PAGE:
Hillary Clinton was supposed to raise so much money she would have NO Leftist candidate competitor. Then the Republican candidate was to all but anoint her feet with oil after she trounced him (or her, Carly).
One report bragged that Hillary might raise as much as $2 billion dollars.
The threat didn’t work, as Bernie “Back to the Future” Sanders entered the fray, undaunted by Hillary’s fundraising prowess.
Hillary lowered her standards a bit, saying that she would raise $1 billion, half of her original figure.
Now we are told that Hillary will raise just enough.
In an article titled: Clinton take strategy fundraising, we are to believe that Hillary has a different strategy than the “Raise as much money as humanly possible” strategy. And for Hillary you could add “illegal or otherwise.”
In A Recent ABC NEWS Story:
The stars are out to raise money for Hillary Rodham Clinton: Lady Gaga and Tony Bennett at the Plaza Hotel, Jon Bon Jovi at home in Jersey. So, too, are the Democratic Party’s wealthiest donors, from a Facebook co-founder to the heiress of a brewing fortune.
Yet even as Clinton picks up the pace of fundraising this month, the front-runner for her party’s presidential nomination is holding back in some ways — a “just enough” strategy that her supporters say will pay off over time.
The goal when she files her first fundraising report next month is to post a number that reassures Democrats she will have the resources to compete with the eventual Republican nominee, but doesn’t chase away the small-dollar donors who would make up her strongest base of support in the general election.
“Her approach has been smart, disciplined and focused on the long-term,” said Chris Lehane, a Democratic strategist who worked with hedge fund billionaire Tom Steyer on one of Clinton’s first fundraisers this year. Lehane said the 100-person reception sold out within 24 hours. “They easily could have put on a far bigger event of 1,000 people or more.”
Clinton’s supporters have tried to tamp down the expectations for the fundraising totals her campaign will disclose next month, when she and the other declared candidates for president will report how much they have raised through the end of June.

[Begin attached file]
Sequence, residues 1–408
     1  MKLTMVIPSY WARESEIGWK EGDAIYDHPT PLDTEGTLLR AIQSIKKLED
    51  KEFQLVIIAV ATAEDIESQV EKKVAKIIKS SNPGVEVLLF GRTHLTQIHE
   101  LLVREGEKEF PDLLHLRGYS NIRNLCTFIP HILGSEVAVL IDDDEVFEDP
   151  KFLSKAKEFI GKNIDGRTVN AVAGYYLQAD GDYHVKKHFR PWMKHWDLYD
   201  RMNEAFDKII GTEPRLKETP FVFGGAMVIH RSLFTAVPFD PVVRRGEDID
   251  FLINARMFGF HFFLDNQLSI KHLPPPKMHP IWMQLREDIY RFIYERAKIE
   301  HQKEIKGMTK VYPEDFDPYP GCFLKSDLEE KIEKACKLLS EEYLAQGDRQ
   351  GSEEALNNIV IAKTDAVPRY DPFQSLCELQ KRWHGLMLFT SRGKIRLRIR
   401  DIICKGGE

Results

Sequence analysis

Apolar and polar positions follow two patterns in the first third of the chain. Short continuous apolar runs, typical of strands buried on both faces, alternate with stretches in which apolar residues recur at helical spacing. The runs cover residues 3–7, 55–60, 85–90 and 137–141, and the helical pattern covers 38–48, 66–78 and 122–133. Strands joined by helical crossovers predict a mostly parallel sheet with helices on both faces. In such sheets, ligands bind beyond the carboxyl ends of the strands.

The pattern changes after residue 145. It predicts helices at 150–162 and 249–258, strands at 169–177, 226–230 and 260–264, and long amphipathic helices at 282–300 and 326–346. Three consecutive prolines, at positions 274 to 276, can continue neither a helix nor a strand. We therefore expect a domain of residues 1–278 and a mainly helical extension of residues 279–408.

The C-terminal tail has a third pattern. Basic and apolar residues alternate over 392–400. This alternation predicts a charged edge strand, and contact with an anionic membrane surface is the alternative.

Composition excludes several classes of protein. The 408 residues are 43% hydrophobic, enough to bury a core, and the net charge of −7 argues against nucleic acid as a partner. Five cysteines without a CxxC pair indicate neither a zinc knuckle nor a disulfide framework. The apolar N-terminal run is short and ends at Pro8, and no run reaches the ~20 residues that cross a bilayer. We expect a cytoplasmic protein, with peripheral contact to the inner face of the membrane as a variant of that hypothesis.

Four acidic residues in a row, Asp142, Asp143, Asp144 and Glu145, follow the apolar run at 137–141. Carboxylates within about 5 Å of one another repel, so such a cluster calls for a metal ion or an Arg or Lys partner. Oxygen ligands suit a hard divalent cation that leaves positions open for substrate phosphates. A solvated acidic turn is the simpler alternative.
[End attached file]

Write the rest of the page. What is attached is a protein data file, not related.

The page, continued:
Unlike in 2008, Clinton is collecting money only for the primary contest, an amount capped at $2,700 per individual. If Clinton wins the Democratic nomination, she can return to her donors to ask for another $2,700 for the general election.
Since announcing her candidacy in mid-April, Clinton has raised at least $17 million, based on the number of people her campaign says have attended 49 fundraising events through Tuesday night. She held fundraisers Tuesday in Chicago and in St. Louis, where she raised money at Grant’s Farm, a historic home owned by the Busch family, at an event hosted by beer heiress Trudy Busch Valentine.
Clinton is focused primarily on raising money for her actual campaign. Others have emphasized super PACs, which can accept donations of unlimited size but are prohibited from coordinating directly with the candidates they support. Republican Jeb Bush spent six months raising money for a super PAC before beginning traditional campaign fundraising. That approach has helped him amass as much as $100 million already.
Most of Clinton’s fundraisers have also been smaller events at private homes, with audiences of no more than 250 people each giving the maximum. While backers says she could draw much larger crowds, many of the events have been half that size, putting the former secretary of state into what supporters say is her comfort zone.
“She was phenomenal,” said John Morgan, a Florida attorney who hosted a 220-person reception last month at his home near Orlando. “She took a photo with every single guest.”
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